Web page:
Abbreviated xS, e.g. 2S for two Successes or 5S for 5 Successes. Successes measure how well a successful activity is performed, whether an active activity (such as most Skill rolls) or a passive activity (most Sense rolls are passive). Any Xd12 roll produces a result of one or more Successes (there's no hard upper limit, but it is impossible to get more Successes than the number of dice rolled, e.g. 14 Successes on a roll of 14d12), or a Fumble (from F-2 to F-6), or a failure (f-1). More Successes are always better on a normal roll, and for Opposed Rolls Successes are compared, often subtracted from each other, e.g. an Attack roll vs a Defence roll in combat (such as Sword skill vs Dodge skill).


A Task is a series of Skill rolls accumulating Progress towards completing a goal, such as picking a lock, casting a Spell, or doing an Invention. Each Successful roll adds a value equal to the number of Successes squared to Progress, e.g. a roll of 4S adds 16 to Progress. A Minor Fumble, F-2, is actually not a true Fumble in the context of a Task, since there are no ill consequences except that all accumulated Progress is lost. Therefore, in the context of Tasks, Fumbles of F-3 and worse are called Abortive Fumbles. Each roll (cycle) of a Task takes an amount of time, sometimes under the character's control (e.g. he can try to hurry, or he can work slowly and methodically), and so part of the purpose of the Task mechanic is to allow more skilled characters to complete some activities faster.

Time Scale Steps

Sagatafl uses a general Time Scale or Time Step Scale, dividing time into a variety of time intervals, and scaling all the way from steps of less-than-a-nanosecond and up to steps of milions or billions of years (although frankly, anything less than 1 Second or more than some thousand Years simply follows a x10 or /10 progression), each such step idiosyncratically (and with gleeful pedantry) capitalized every single time it is used, as in 1 Second, 1 Round, 1 Minute, 6 Minutes... 6 Moons.

Activities "move" between Step Intervals by being performed Rushedly or Slowly, e.g. the normal Roll Cycle Time for a Lockpicking Task is 1 Minute, but a character can, in exchange for a serious RD penalty, Rush that down to one 6-Second Round or even to 1 single Second, or he can slow down to 6 Minutes per Roll Cycle or even 1 Hour per Roll Cycl, in exchange for an RD bonus. Spells and other magical effects likewise make use of the TSS scale and can in some cases "move" on it.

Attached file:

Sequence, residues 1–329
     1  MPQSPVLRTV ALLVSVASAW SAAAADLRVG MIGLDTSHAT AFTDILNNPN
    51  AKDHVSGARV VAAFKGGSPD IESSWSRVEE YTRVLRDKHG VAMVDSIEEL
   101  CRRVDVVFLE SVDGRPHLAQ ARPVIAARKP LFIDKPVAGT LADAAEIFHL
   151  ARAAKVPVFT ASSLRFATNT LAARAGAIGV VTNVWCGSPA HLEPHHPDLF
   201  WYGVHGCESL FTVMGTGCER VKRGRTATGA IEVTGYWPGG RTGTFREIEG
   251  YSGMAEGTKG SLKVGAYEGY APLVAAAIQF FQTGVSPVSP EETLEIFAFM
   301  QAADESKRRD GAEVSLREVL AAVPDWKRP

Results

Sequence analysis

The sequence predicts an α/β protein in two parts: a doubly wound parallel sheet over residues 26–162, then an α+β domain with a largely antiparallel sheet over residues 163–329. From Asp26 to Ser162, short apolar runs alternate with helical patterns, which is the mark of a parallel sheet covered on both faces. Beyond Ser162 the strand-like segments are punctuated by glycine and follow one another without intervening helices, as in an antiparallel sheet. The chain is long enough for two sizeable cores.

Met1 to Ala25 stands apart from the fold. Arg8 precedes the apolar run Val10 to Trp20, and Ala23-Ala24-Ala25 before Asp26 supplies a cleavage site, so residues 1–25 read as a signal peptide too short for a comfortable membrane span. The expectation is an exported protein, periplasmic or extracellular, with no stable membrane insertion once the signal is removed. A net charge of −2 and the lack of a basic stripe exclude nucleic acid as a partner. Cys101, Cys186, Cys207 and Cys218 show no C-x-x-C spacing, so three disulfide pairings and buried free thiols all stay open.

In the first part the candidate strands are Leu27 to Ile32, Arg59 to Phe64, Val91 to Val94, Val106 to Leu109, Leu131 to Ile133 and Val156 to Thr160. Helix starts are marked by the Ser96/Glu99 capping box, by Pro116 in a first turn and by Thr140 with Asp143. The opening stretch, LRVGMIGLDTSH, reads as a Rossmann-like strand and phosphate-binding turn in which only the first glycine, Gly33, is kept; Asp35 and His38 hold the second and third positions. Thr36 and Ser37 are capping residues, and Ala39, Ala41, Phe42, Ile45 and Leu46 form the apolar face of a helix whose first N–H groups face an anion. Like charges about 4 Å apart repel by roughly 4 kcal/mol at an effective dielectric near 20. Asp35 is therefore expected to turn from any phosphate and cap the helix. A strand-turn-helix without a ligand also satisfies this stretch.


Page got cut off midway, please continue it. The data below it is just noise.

For more, see the [TSS] article.


TM, or Time Modifier, is the act of a character choosing (most often voluntarily, but sometimes pressurized or forced into it) to perform an activity or Task at an unusual speed relative to how it is normally carried out.

If the character tries to do it faster, it takes less time and he gets an RD penalty (of +1 or more). If the character tries to do it more slowly than what would be the norm, it takes more time but the character gets an RD bonus (of -1 or more).

Attribute rolls generally cannot used TM, but most ordinary Skill rolls, and most Tasks, can. This involves the Time Scale Steps. Some Skills cannot be performed at unusual timing (Cooking is the example that springs to mind), and other Skills or activities can only have their time usage modified to a limited extent, either only rushed, or only done slowly and methodically, and/or perhaps only allowing a single step, or two steps, of deviation from the norm.

Normally there are three steps of Rushing, doing it in half time (+1 RD), doing it 1 TSS faster (+2 RD), and doing it 2 TSS faster (+4 RD), and two steps of Working Slowly, doing it 1 TSS more slowly (-1 RD), and doing it 2 TSS more slowly (-2 RD).

Spellcasting Tasks use a slightly different mechanic for TM, called Spell TM.